HyperX teamed up with popular mechanical keyboard maker Ducky to make a new limited edition colorway of its compact, 60 percent-sized Ducky One 2 Mini. In addition to splashing this keyboard with a matte black frame surrounding the keys and a glossy cherry red hosing on the bottom, it utilizes HyperX’s Red linear mechanical key switches.
Each of those switches is covered in Ducky’s durable keycaps, which are said to maintain their grippy texture and their key label despite long-term use. This model costs $109.99, and you can pick it up through HyperX’s online store starting on Tuesday, May 12th. Only a total of 3,700 units will be made.
In terms of niceties, the One 2 Mini has plenty of them. This keyboard plugs in via a USB-C to USB Type-A cable, so it’s simple to plug it in at your desk without looking. Its rear feet feature two height settings, giving you more options if you prefer a slightly angled keyboard instead of all-or-nothing options for height. HyperX’s provided switches are pleasant to type on, and while the feel of the travel is highly subjective, the “thock” sound and feel satisfies my needs. HyperX claims they have a 80 million click lifespan. PBT, the key material that Ducky uses, feels great, but whether the 60 percent form factor works for you is another thing entirely.
As I touched on earlier, this 60 percent keyboard is incredibly space-efficient. I share a desk with my partner, and this model might be a godsend if space is a commodity. In case you’re not aware, the 60 percent figure is relative to a fully sized keyboard with a row of function keys, directional keys, and a full number pad. The Ducky One 2 Mini lacks all of those features, instead opting to cram in a bunch of options that you can execute when you hold the Fn key.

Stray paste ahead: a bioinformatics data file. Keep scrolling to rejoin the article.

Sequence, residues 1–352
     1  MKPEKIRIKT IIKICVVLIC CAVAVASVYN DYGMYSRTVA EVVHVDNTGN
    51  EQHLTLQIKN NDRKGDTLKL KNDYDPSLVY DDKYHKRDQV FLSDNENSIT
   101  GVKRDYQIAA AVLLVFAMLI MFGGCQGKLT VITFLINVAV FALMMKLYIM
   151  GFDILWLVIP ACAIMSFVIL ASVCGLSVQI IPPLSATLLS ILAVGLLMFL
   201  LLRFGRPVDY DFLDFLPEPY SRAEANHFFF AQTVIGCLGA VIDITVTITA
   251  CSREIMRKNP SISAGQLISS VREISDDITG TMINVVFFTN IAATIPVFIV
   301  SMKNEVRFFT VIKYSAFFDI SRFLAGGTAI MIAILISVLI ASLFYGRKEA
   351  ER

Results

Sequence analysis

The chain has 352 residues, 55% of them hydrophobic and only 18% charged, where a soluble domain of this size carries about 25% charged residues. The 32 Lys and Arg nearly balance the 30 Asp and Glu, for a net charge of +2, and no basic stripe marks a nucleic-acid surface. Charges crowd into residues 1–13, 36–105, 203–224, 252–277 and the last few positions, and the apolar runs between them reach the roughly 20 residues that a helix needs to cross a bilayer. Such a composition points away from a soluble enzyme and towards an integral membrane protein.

It’s clever to have access to every function available in a smaller keyboard. Yet, navigating to find where each of these options is hidden around the keyboard all but asks you to rethink how you use the entire device. Simple shortcuts like adjusting the volume, using arrow keys, and trying to do the Windows + Prt Scn shortcut to take screenshots will require some studying up on. I had to keep the manual next to me while I used the One 2 Mini to access some of the macro and RGB backlight options.
After over a week of using the Ducky One 2 Mini, I think it’s the perfect fit for my desk. It’s small, capable, and the switches are quiet enough not to disturb my partner too much, unlike my Durgod 80 percent mechanical keyboard that uses Cherry MX Brown switches. It’s great to use with games, though from the perspective of a writer, the amount of compromises in terms of executing some of the most basic keyboard functions, like using directional keys to pilfer through copy, is difficult on a 60 percent form factor keyboard.
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